Updates delayed in Illinois

Effective dates of community maps in the St. Louis area

<1

1

3

5

7

9

11

13

15

20

30

40+

years

<1

1

3

5

7

9

11

13

15

20

30

40+

years

<1

1

3

5

7

9

11

13

15

20

30

40+

years

<1

1

3

5

7

9

11

13

15

20

30

40+

years

<1

1

3

5

7

9

11

13

15

20

30

40+

years

MISSOURI

ILLINOIS

Staunton

July 1981

Grafton

April 2009

Troy

Sept. 2010

Alton

May 1984

Wright City

Nov. 2009

Wentzville

Jan. 2016

Florissant

Feb. 2015

Highland City

Nov. 1986

St. Charles

Jan. 2016

Granite City

June 1978

St. Louis

May 2011

Chesterfield

Feb. 2015

East St. Louis

Nov. 2003

O’Fallon

Nov. 2003

Wildwood

Feb. 2015

Belleville

Nov. 2003

Washington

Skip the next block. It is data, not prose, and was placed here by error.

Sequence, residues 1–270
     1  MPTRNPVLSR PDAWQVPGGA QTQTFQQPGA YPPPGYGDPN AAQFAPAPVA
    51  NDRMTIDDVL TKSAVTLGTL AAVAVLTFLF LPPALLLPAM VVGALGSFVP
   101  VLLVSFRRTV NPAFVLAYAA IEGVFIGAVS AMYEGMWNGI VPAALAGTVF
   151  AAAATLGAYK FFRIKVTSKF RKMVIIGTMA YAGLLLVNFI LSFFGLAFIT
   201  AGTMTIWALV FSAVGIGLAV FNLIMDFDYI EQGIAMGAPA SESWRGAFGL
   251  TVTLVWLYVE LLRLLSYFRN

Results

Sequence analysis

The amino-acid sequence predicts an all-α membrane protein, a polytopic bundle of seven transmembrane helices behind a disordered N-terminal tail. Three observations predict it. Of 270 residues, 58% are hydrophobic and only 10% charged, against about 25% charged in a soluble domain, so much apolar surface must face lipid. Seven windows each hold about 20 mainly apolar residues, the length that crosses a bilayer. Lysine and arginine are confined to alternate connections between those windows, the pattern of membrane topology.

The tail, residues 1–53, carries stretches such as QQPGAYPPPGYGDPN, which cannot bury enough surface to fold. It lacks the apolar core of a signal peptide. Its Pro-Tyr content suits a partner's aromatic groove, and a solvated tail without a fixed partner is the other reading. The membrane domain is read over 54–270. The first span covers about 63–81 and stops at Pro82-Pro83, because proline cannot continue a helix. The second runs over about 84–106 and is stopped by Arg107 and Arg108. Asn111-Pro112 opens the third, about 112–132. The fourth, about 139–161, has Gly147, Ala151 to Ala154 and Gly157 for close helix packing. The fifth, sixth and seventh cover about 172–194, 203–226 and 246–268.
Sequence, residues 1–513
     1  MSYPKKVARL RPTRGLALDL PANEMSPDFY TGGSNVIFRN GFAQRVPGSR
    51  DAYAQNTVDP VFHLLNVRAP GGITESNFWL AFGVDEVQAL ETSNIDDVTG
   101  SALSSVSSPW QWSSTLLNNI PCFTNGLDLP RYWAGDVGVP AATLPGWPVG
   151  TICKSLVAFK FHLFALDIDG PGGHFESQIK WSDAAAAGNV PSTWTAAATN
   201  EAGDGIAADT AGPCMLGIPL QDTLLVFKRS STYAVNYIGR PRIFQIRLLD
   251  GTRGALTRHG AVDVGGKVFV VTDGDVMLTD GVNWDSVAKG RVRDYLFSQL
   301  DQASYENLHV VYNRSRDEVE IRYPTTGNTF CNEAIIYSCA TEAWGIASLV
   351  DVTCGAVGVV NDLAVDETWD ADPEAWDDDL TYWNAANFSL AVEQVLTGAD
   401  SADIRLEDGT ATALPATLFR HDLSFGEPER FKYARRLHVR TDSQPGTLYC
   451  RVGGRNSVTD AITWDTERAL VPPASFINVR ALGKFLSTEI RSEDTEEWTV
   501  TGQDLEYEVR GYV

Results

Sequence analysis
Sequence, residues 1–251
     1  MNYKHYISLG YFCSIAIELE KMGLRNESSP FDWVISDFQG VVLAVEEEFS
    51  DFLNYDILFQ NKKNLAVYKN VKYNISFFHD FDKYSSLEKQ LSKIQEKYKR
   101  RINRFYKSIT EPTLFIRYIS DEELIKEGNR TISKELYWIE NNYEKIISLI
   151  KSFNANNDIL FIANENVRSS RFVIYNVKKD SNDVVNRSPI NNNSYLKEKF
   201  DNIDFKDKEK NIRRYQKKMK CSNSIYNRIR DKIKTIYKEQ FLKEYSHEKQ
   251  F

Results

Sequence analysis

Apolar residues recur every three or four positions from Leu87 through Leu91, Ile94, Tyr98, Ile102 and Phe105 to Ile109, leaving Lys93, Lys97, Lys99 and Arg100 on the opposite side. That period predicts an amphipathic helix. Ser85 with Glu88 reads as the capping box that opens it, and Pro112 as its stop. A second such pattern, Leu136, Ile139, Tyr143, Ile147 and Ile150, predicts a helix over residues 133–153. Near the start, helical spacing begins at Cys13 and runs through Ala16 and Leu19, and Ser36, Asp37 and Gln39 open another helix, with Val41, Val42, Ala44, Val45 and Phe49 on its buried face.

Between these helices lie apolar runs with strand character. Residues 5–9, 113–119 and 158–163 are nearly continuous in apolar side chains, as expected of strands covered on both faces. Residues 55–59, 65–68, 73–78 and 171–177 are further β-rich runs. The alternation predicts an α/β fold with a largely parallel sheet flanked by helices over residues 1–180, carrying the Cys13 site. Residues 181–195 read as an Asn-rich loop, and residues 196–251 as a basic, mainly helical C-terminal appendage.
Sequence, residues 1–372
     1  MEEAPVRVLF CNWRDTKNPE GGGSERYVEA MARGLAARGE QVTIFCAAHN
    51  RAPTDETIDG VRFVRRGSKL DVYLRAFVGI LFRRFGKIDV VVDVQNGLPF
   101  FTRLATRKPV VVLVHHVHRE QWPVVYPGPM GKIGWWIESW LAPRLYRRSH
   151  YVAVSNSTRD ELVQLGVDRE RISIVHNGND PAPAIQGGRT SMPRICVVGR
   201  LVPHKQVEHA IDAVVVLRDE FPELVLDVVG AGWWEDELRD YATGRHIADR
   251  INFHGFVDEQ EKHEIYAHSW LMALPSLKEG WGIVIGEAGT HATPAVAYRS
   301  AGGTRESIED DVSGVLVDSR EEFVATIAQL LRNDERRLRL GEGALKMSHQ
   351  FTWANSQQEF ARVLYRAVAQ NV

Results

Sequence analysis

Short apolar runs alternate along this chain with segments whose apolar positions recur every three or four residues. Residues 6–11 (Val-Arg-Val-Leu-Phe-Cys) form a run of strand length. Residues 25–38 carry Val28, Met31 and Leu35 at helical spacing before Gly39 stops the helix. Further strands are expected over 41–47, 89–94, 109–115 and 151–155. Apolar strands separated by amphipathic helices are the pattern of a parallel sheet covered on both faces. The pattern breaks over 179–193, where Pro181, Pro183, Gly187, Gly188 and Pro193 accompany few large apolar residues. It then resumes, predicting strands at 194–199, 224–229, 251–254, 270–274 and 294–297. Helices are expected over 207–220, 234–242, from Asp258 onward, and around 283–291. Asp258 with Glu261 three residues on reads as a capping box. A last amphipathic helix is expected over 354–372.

Oct. 2011

Arnold

April 2006

Union

Oct. 2011

Waterloo

Sept. 1984

MISSOURI

ILLINOIS

Staunton

July 1981

Grafton

April 2009

Troy

Sept. 2010

Alton

May 1984

Wentzville

Jan. 2016

Florissant

Feb. 2015

St. Charles

Jan. 2016

Granite City

June 1978

St. Louis

May 2011

Chesterfield

Feb. 2015

O’Fallon

Nov. 2003

Wildwood

Feb. 2015

Belleville

Nov. 2003

Washington

Oct. 2011

Arnold

April 2006

Union

Oct. 2011

MO

IL

Staunton

July 1981

Grafton

April 2009

Troy

Sept. 2010

Alton

May 1984

Wentzville

Jan. 2016

St. Charles

Jan. 2016

Granite City

June 1978

St. Louis

May 2011

Wildwood

Feb. 2015

Belleville

Nov. 2003

Arnold

April 2006

Union

Oct. 2011

MISSOURI

ILLINOIS

Staunton

July 1981

Grafton

April 2009

Troy

Sept. 2010

Alton

May 1984

Wright City

Nov. 2009

Wentzville

Jan. 2016

Florissant